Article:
Sunday, March 27, 2016

What’s a conservative investment? It all depends on who you ask.

As a financial advisor I would frequently have clients who told me they were fed up with the volatility of the stock market and were now looking for more 'conservative investments'. As it turns out, the definition of conservative can vary widely.

Often when people think of conservative investments what comes to mind are things like CDs and investment grade bonds. These investments provide predictable and sometimes guaranteed returns, albeit at much lower rates than historical average returns from the stock market. An additional challenge for the past several years has been that when interest rates are so low, you end up losing purchasing power as inflation eats away at the value of your 'conservative' investments. How's that for conservation?

Wind creates waves, but can also be captured by a sail to propel a boat across great distances. In order to advance a boat in the absence of wind, a sailor must exert significant energy. Volatility in the stock market is like wind. The greater the wind (risk), the greater the speed at which your boat can go or the rate at which your investments can grow. If you can stomach the volatility and use it to your advantage by buying and holding, you can end up much farther ahead than if you stick to calmer waters (low volatility investments) and rely on rowing. If you insist on sticking to low risk investments, be aware that you will need to save at least double what you would need to save if you were willing to take a little more risk.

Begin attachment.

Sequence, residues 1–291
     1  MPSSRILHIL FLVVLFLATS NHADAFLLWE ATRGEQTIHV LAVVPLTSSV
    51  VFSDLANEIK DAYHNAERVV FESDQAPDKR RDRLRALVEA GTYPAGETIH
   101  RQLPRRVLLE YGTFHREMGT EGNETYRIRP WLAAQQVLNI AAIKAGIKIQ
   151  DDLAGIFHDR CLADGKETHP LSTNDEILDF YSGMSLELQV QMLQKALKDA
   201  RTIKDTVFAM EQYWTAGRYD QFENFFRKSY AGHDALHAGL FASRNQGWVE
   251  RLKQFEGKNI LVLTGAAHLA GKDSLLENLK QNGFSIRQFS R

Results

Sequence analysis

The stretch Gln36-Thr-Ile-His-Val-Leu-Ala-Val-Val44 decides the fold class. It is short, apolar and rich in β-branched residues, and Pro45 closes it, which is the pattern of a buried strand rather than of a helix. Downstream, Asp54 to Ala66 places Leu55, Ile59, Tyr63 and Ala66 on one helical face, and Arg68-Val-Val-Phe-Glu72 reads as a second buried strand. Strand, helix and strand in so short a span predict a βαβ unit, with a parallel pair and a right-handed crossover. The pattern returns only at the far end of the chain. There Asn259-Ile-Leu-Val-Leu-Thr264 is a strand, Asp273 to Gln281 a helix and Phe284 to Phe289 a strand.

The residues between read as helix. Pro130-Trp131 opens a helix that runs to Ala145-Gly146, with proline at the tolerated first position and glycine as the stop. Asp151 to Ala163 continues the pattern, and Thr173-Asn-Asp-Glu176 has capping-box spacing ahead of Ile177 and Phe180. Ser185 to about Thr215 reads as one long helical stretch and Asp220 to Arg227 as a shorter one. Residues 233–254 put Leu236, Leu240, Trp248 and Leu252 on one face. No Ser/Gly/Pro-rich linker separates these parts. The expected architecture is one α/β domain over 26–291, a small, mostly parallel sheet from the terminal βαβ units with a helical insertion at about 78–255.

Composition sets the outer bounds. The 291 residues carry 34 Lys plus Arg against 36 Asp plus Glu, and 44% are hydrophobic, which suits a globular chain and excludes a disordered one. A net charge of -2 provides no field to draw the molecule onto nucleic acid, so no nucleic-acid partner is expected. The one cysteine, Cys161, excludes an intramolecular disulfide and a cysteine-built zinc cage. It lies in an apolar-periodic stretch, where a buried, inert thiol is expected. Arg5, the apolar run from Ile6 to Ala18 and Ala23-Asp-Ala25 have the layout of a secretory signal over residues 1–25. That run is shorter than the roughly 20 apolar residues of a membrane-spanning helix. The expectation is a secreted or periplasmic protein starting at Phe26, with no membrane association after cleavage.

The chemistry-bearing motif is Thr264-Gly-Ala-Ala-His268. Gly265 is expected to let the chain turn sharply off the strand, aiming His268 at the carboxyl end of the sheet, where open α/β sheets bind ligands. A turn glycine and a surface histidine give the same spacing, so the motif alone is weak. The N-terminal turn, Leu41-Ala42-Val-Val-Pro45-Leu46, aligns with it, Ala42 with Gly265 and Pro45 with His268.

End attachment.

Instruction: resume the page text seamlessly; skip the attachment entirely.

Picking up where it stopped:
I'd like to make the argument that if you're truly looking for a conservative investment, look no further than a diversified stock mutual fund.